How to sell your blog

Selling blog in quite easy but you need to know how to maximize your sale price. This post is an approach to make your transaction quickly and without stress. If I miss anything please comment below.

1. Gather data and discover your site’s value

Before selling your blog, you have to figure out how much you are willing to sell your blog for. This stage is called the valuation and this is really too complex and controversial in web marketer arena. The thing things that you need to consider.

  • How much money are you making from your blog?
    How much does your site make per month, on average? Are you earning in consistent manner or you had sudden spike to your earning? Most to the web marketer evaluate your consistency rather than your earning!!
  • How much are you willing to get from your blog? 
    No matter how much you blog is making right now but you should have a perspective of long term earning that you would do if you own your site. Your buyer might not be as emotional as you are for your blog. So before placing and accepting bid evaluate you blog earning and future earning very thoroughly .
  • How much is someone willing to pay?
    Like stock market blog selling follow the same concept. True value of your blog is what someone is willing to pay. The other method might be speculation. So think realistically, don’t overvalue your blog at the same time don’t undervalue your blog price. Like Google’s stock, your blog might be a gem if you work for a long period of time. SO ACCEPT BID CAREFULLY

The simple method of calculation is Lets say your website is making $100 per month. So your early revenue is 12 X $100 = $1200; You took 3 years time to generate $100 per month so your Valuation should be 3 X $1200 = $3600. If your content is niche and growing YOY 18-25% in terms of subscriber and views. You can surely place your bid $3600.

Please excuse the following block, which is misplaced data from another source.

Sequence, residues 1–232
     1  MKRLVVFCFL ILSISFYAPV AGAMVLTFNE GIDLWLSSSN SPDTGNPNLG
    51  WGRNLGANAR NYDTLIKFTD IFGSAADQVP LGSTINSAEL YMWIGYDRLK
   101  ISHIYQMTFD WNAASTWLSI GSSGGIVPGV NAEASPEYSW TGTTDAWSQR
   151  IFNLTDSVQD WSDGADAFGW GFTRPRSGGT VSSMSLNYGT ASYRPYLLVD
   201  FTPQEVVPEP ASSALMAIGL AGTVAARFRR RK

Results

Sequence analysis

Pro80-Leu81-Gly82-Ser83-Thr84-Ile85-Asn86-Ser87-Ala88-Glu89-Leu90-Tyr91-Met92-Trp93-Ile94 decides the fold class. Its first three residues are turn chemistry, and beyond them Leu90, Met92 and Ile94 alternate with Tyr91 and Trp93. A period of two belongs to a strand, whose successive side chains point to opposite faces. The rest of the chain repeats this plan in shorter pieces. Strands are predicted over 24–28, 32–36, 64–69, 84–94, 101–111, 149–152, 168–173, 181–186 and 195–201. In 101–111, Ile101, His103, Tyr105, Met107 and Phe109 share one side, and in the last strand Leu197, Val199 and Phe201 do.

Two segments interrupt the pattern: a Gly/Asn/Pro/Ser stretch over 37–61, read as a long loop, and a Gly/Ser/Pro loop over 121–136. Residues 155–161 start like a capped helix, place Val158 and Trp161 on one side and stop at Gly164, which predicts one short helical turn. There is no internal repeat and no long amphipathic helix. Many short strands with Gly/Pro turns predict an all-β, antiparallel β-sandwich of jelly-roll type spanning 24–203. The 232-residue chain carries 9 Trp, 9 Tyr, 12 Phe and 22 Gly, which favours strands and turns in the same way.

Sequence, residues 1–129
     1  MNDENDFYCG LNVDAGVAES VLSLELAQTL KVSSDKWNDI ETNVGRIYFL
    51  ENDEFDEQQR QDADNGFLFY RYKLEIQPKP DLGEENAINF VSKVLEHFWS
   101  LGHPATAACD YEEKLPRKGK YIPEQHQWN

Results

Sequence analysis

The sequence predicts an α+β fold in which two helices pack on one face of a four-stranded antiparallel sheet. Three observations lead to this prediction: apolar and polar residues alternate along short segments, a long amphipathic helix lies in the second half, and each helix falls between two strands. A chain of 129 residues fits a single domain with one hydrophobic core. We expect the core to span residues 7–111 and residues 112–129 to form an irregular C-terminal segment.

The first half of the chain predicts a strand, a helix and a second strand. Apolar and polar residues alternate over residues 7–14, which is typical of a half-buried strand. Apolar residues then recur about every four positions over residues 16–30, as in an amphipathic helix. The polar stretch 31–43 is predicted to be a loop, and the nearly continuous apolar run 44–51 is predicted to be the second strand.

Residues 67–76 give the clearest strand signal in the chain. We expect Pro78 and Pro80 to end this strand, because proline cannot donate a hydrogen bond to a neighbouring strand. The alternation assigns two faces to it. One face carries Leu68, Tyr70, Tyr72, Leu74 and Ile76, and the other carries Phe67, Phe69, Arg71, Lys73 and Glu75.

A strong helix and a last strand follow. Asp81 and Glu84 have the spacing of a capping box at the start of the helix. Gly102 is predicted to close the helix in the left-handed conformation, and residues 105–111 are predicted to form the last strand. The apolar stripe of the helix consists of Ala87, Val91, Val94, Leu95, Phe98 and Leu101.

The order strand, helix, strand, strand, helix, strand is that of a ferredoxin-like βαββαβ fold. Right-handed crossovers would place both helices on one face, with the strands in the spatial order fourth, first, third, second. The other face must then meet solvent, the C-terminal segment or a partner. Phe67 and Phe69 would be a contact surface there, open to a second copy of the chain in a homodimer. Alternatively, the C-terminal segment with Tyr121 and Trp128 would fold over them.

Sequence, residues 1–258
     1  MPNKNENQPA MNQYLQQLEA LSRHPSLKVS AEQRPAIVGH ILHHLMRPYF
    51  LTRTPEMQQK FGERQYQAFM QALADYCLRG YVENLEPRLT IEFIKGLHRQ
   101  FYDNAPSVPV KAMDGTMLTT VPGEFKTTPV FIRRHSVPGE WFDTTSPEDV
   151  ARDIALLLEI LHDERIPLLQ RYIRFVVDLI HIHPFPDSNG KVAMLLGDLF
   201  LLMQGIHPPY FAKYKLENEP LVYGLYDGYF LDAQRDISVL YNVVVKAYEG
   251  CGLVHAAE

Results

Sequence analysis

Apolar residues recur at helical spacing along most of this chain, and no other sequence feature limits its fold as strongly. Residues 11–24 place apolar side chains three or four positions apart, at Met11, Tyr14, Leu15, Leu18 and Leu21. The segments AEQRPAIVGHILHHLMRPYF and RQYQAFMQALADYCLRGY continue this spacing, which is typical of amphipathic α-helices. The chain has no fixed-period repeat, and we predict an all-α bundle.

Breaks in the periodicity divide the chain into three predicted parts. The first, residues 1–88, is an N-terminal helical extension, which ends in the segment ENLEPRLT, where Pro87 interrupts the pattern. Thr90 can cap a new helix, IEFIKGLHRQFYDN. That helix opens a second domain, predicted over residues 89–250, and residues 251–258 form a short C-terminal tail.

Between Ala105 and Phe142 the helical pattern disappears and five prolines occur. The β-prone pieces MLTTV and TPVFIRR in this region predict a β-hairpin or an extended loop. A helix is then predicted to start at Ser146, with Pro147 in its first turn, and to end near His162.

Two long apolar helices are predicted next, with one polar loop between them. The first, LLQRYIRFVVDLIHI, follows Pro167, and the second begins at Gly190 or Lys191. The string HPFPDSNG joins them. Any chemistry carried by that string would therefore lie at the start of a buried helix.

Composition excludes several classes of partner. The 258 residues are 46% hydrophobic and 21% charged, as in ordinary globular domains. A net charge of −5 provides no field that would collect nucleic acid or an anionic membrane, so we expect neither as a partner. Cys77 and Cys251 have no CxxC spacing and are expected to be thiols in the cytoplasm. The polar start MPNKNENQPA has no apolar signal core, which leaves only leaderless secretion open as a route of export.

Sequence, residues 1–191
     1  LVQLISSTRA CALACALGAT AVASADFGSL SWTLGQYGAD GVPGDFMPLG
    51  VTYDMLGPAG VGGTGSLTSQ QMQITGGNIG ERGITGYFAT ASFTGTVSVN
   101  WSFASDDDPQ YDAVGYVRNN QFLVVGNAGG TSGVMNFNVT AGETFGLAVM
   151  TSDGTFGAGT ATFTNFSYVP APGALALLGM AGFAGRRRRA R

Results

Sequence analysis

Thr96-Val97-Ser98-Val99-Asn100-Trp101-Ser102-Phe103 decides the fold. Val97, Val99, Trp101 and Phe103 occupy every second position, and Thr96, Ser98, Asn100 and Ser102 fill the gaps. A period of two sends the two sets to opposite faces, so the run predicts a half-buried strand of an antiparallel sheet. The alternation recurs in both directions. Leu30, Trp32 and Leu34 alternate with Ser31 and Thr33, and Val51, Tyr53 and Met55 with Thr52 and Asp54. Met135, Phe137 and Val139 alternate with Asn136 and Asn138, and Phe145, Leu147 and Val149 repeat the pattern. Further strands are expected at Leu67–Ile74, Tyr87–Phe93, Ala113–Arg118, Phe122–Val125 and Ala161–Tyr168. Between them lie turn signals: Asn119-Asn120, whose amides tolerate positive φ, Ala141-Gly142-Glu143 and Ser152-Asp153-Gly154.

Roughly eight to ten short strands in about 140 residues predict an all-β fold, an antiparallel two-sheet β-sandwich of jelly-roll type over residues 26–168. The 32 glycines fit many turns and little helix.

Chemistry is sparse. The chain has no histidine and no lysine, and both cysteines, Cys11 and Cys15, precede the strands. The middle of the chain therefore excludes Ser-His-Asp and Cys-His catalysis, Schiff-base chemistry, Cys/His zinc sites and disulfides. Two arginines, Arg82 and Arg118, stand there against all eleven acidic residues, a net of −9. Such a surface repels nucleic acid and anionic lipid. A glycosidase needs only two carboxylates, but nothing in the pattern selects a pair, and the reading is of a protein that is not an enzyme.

2. List your blog on Flippa.com and point other listings to that sale

The best place to sell your blog is, without a doubt, Flippa.com. This website is solely designed for selling websites and as such it has a lot of serious buyers with real money to spend on quality websites. There are other places to sell your blog but most of them don’t have the same protection and reputation that Flippa has so what I do is just use them to direct traffic to my Flippa listing. For example, you might want to create a thread on Digital Point Forums about selling your blog but then say that the purchase can only be made over at Flippa.

3. Create a truthful and enticing listing with all the necessities

Your listing must be enticing but it must also be truthful. If you lie on any of your statistics or earnings you will get found out. The guys spending $5k plus on websites know what a cheat looks like and the will, most of the time, take legal action if you mislead them. Make sure you sell your website as much as possible but don’t manipulate any of the facts.

Your listing should:

  • Have a catchy title
    The title is what draws attention to the sale. Make sure it is catchy and sells the benefits of your website. Include things like a high Page Rank, monthly income, large traffic numbers, etc. if they are what is working in your advantage. For example, if you have a lot of RSS subscribers but not much income your title could be something like: Cooking Blog with 5000+ Subscribers, Top Google Rankings, Massive Opportunity. Always take the option to list your sale on the front page of Flippa. It is expensive but worth it.
  • Include screen shots of your data